Treating TMJ disorders with a Modified Condylotomy surgical procedure
Special Report to Leadingdentists.com: reviewed for accuracy by Dr. Mark Duncan; DDS, FAGD, DICOI, LVIF
If you have been diagnosed with TMJ disorder (TMD), you may have heard of a surgical treatment called a modified condylotomy, and you may be wondering if it could be right for you. Our interview with Dr. Mark Duncan DDS, FAGD, DICOI, LVIF; and Clinical Director at LVI Global discusses the details of this surgery and what treatments most sufferers should try before having a modified condylotomy or modified condylectomy.
Modified Condylotomy Facts
This is an open surgical procedure that is performed through the mouth and behind the molar teeth. The name of the procedure is actually a misnomer, since the mandibular condyle — a rounded projection at the end of the lower jaw — itself is not cut. The surgeon creates a vertical cut in the lower jaw, or mandible, in order to create more joint space. The goal is to unload the joint, while maintaining an unchanged occlusion, and thereby to decrease the symptoms of TMD.
After this surgical procedure, patients have an initial recovery period of about six to eight weeks, followed by a full recovery period that can last up to a year. The problem is that after that recovery period, TMJ symptoms can return in full force.
Why? The surgery may not be warranted — and therefore not effective in relieving TMJ disorder symptoms — in more than 90 percent of the cases.
“What we have found is that most of the time (with modified condylotomy), you are addressing the wrong problems in the first place,” says Dr. Mark Duncan of TMD Surgeries. “It is only after all non-surgical options have been exhausted that you should consider having this surgery.”
Referencing groundbreaking studies by Janet Travell, MD, an American physician and medical researcher who treated President John F. Kennedy, Duncan says that 85 to 90 percent of all pain in the body originates with the muscles. He explains that a surgery that cuts out part of the disk or the mandible does nothing to deal with any existing muscle problems and, in fact, can make those problems worse.
“We need to start with the muscles,” Duncan asserts. “We want to get the muscles to the point of physiological rest, where they are designed to be.”, which is in fact the goal of neuromuscular dentistry.
To illustrate this point, Duncan explains, “If it’s the muscles of mastication being too short that’s causing the problem and the surgery moves the bone around the muscle without fixing the muscle, the patient is going to have the post-surgical healing to go through and (then) have all the same symptoms that they had in the first place.”
One non-surgical way of treating TMD that Duncan mentions is the use of a mouthguard, or orthotic, to “recalibrate” the bite so that muscles in the lower jaw can be in a relaxed position when not in use. “When that happens,” he says, “the pain goes away.”
“I would tell you that it is irresponsible for me to ever start a case with a surgical endpoint in mind. I must explore non-surgical options first,” Duncan emphasizes. Not only can non-surgical options treat TMD problems effectively in most cases, he says, but also they do so with a much shorter recovery and healing time.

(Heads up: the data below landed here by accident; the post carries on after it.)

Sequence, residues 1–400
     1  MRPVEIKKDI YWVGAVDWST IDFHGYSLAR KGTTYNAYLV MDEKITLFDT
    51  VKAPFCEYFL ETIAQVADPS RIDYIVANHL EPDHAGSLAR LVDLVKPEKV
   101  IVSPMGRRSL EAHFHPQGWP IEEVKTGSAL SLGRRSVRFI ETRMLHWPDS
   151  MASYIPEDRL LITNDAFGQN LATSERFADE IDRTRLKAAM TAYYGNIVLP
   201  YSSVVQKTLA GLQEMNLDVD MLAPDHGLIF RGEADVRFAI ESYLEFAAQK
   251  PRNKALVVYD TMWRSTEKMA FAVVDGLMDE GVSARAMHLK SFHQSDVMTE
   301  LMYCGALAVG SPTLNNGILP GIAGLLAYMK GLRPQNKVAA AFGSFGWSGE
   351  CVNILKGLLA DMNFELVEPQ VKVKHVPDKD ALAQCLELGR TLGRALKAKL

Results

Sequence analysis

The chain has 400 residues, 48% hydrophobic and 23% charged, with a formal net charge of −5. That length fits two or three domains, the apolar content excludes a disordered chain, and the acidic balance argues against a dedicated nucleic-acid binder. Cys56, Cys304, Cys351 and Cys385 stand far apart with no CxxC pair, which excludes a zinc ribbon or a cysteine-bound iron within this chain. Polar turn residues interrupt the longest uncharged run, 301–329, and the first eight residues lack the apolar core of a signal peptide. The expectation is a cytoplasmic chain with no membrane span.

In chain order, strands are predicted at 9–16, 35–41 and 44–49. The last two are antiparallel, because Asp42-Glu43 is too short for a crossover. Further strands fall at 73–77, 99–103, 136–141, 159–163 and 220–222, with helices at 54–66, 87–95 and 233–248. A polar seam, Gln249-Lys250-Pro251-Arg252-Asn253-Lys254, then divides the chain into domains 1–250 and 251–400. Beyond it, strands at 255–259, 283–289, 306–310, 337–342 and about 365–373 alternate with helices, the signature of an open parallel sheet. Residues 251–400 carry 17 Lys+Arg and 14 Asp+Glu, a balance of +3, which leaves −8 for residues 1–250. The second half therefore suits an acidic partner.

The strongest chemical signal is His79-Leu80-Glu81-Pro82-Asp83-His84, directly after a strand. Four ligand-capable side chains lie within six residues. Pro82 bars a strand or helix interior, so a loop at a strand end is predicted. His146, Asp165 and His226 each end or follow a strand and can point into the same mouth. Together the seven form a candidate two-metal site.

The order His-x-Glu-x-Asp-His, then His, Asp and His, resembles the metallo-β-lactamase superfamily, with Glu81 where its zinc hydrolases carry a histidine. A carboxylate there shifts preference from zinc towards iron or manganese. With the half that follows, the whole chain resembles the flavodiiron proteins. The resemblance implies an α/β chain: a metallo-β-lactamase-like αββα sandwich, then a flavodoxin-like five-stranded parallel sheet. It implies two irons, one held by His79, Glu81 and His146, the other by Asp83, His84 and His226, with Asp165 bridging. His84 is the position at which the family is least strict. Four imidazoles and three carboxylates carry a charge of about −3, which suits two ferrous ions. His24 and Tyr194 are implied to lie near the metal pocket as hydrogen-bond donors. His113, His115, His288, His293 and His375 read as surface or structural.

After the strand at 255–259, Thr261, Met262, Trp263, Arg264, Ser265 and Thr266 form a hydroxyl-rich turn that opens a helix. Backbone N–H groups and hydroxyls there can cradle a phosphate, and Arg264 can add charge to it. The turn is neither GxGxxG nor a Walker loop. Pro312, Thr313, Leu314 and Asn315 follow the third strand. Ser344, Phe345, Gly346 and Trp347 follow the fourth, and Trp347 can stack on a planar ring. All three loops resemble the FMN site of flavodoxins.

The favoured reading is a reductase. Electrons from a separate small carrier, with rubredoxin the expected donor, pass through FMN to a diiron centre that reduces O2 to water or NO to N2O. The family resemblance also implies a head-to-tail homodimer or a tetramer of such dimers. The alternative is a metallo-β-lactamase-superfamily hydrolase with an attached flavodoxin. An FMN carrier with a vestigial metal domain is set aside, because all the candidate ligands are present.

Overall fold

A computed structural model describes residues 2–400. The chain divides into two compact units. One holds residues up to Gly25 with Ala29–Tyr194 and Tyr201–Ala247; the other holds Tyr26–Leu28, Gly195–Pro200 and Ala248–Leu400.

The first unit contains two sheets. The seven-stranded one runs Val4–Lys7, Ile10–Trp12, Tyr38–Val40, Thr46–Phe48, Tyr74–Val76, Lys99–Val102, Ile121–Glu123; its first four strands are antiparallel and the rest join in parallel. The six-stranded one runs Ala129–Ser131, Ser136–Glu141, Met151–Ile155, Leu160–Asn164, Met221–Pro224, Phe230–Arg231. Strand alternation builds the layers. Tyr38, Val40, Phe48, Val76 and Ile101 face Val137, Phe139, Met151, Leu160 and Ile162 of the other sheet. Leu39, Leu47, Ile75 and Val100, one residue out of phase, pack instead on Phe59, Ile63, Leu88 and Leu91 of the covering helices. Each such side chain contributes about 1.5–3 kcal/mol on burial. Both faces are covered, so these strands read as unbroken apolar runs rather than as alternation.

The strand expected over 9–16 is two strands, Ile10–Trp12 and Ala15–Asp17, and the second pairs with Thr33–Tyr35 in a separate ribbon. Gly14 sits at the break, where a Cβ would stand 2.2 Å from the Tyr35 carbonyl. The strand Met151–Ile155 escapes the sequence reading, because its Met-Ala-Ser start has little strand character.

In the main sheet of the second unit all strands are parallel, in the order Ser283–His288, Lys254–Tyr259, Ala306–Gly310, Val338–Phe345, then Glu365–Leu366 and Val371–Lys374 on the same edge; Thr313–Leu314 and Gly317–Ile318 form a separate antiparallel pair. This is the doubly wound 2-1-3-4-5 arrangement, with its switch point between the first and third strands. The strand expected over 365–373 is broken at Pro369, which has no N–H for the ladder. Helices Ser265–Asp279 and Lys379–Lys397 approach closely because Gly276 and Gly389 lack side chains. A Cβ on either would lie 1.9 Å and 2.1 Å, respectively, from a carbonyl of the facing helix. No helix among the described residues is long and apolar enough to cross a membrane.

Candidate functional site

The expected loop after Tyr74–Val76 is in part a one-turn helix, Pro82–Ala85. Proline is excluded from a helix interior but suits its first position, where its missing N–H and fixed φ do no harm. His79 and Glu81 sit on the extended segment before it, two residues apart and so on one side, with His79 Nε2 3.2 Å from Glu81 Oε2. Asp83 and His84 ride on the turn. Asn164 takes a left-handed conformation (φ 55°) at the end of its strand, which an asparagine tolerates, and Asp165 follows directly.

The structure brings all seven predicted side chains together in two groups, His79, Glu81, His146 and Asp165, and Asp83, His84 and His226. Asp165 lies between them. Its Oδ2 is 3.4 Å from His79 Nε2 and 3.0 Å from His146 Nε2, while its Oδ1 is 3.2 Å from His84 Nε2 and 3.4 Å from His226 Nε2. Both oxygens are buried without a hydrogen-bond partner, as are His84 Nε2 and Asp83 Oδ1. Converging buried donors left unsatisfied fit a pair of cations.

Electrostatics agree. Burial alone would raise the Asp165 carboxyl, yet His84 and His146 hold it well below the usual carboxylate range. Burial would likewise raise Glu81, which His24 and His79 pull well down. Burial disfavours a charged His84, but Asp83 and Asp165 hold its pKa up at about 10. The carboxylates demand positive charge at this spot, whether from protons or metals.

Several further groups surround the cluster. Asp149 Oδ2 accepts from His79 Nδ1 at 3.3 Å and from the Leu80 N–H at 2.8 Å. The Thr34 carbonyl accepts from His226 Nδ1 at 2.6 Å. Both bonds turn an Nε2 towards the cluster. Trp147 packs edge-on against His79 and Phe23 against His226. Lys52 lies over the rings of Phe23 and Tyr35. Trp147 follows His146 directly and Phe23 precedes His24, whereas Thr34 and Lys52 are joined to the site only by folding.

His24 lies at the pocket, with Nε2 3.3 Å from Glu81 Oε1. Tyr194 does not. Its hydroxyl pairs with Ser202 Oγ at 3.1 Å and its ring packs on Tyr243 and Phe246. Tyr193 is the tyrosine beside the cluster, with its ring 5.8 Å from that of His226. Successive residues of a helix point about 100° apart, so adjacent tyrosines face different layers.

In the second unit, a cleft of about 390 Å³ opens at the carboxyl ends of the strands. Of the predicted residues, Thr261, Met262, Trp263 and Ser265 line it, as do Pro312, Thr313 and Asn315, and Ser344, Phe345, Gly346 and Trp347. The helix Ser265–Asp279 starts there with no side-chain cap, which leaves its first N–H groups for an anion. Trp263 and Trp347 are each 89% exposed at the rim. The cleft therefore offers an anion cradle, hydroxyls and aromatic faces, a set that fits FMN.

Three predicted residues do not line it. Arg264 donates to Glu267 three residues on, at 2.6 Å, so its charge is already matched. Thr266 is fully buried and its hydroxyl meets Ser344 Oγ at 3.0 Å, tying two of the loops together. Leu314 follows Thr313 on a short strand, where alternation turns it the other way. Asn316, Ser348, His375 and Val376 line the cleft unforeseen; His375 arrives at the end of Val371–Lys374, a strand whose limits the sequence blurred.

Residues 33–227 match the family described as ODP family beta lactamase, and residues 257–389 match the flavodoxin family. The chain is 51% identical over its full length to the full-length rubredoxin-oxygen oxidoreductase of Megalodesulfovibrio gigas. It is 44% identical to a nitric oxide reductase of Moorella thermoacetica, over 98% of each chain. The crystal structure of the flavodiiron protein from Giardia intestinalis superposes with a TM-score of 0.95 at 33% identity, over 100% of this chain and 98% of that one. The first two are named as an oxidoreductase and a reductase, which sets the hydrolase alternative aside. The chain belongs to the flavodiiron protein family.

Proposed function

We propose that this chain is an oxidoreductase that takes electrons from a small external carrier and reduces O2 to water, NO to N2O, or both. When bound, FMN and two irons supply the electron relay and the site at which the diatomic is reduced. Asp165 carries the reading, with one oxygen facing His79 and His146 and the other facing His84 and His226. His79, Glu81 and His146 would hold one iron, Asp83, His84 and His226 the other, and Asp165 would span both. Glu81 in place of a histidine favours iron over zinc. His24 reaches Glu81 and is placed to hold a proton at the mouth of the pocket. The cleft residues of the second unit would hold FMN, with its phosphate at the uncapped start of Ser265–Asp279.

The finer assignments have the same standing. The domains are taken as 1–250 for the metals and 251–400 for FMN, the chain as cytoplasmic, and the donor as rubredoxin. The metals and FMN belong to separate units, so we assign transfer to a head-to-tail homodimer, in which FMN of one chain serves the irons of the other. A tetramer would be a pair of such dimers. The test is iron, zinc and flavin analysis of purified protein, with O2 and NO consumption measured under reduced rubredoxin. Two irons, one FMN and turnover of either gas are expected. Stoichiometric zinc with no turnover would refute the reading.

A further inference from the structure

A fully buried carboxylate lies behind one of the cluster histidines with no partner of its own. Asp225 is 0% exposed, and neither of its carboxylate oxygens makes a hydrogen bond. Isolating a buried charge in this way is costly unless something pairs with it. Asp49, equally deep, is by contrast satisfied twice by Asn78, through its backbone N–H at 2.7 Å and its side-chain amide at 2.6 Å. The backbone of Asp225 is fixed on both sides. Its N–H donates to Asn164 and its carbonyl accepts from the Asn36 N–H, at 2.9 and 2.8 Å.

What to consider before TMJ surgery?
We asked “If you are suffering with painful TMD symptoms, what are some steps to consider before surgery?”.
First, Duncan recommends CT imaging of the soft tissues of the mouth, calling it an important and relatively inexpensive first step. The next step would be to get an MRI, which can provide an assessment of any bone involvement in the TMJ jaw pain.
A third step is to use EMG (electromyogram) data. An EMG measures the activity of muscles both at rest and during contraction. “EMG data lets you look at the comfort level of four muscle groups in the jaw,” Duncan says. “If the jaw muscles are contracting when they should be at rest, you probably do not have a sound bite…We can make some really good decisions with this data.”
The best non-surgical approach to TMJ treatment is the use of a removable mouthpiece or orthotic. “This allows us to see what happens when everything is at rest,” Duncan says. “If all symptoms go away (with the mouthpiece), we can move into a long-term solution.”
Estimating that non-surgical options work for TMD patients 90 percent of the time, Duncan continues, “The invasive end point shouldn’t be considered until we have determined if we can find a better bite for you.”
When is jaw surgery warranted to treat a TMJ disorder?
“We use the catch phrase ‘internal derangement,’” says Duncan, explaining that patients who have a disc displacement of the temporomandibular joint may require surgery. Other cases that might benefit from a modified condylotomy include:
- degenerative disease, such as osteoarthritis of the temporomandibular joint
- cancerous bone or tissues
- recurrent re-seating (luxation) of the ball in the socket when the TMJ pops out of place
- recurrent calcification of the bone
It is important to realize that a modified condylotomy treats the lower jaw only. Duncan suggests that neuromuscular investigation and diagnosis should include the upper jaw. “Ancient man had much larger (mouth) arches, and today we don’t even have room for our wisdom teeth,” he points out.
Duncan maintains that it is inappropriate that many orthodontists today tell their patients that they have “too many teeth” for the size of their mouth. “A better approach would be to say, “Your jaw has not grown enough to hold all your teeth,” he says.
“The upper jaw rules the roost – where the upper jaw is, the lower jaw has to follow.”
Duncan concludes saying, “If we can work to develop the upper jaw, we will see most lower jaw problems all but disappear.”
To learn more about temporomandibular joint disorder treatments, symptoms or to find a local neuromuscular dentist continue your visit with Leading Dentists.